The Last Guesthouse in Laos

“Same history,” Javiera says as soon as we step off the boat. “Find place for sleep, find place for eat.” I’m with her and Christian in Muang Khua, a small village in the north of Laos. We find a guesthouse that has pink blankets with Snoopy cartoons on them and a bathroom that seems a little too wet.

Javiera and I go to find something to eat, and Christian wanders off by himself. We cross a very long and very rickety bridge, and at the other side of it there is a young girl who holds out her hand to us. “I am a pen?” She asks uncertainly.

Tomorrow we’ll take a bus into Vietnam. We get our favorite sour soup, fried bamboo and sticky rice, one last time. We run into Christian again a couple of hours later. “I don’t know why,” he says, “but I bought this can of tuna.” The three of us laugh for 10 minutes, doubled over by the brown Nam Ou river. “It seems like a good thing to have!” He turns the can over in his hands.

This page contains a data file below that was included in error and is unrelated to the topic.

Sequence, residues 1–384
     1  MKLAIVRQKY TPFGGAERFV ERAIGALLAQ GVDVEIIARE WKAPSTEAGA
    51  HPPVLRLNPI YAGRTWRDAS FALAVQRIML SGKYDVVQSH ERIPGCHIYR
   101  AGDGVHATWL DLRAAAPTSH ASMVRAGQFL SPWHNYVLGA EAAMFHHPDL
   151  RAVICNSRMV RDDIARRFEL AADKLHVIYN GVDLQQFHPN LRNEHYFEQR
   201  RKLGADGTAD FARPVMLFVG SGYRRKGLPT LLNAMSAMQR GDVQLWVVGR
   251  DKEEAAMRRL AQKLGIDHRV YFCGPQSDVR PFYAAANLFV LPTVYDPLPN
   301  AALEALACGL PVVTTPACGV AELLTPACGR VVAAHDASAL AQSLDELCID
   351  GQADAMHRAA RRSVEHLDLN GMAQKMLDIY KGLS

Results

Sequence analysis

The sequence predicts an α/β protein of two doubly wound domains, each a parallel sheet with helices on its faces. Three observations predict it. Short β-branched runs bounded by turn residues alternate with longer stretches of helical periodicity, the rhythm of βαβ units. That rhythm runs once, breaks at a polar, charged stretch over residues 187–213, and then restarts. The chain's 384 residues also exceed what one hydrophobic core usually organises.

Back at the guesthouse, there are strange banging noises coming from the kitchen and then a cat starts screaming. “What is going on here,” I say. Javiera says, “what is the name in English for the place where they sell cat meat?” “A cattery!” Christian answers, and then Javiera starts talking about house meat, by which she means horse meat. We try to hang out on the porch but a huge crazy bug keeps flying into our faces, and we finally decide to just go to bed, without taking a shower in the wet bathroom. It is a perfect last day in Laos.

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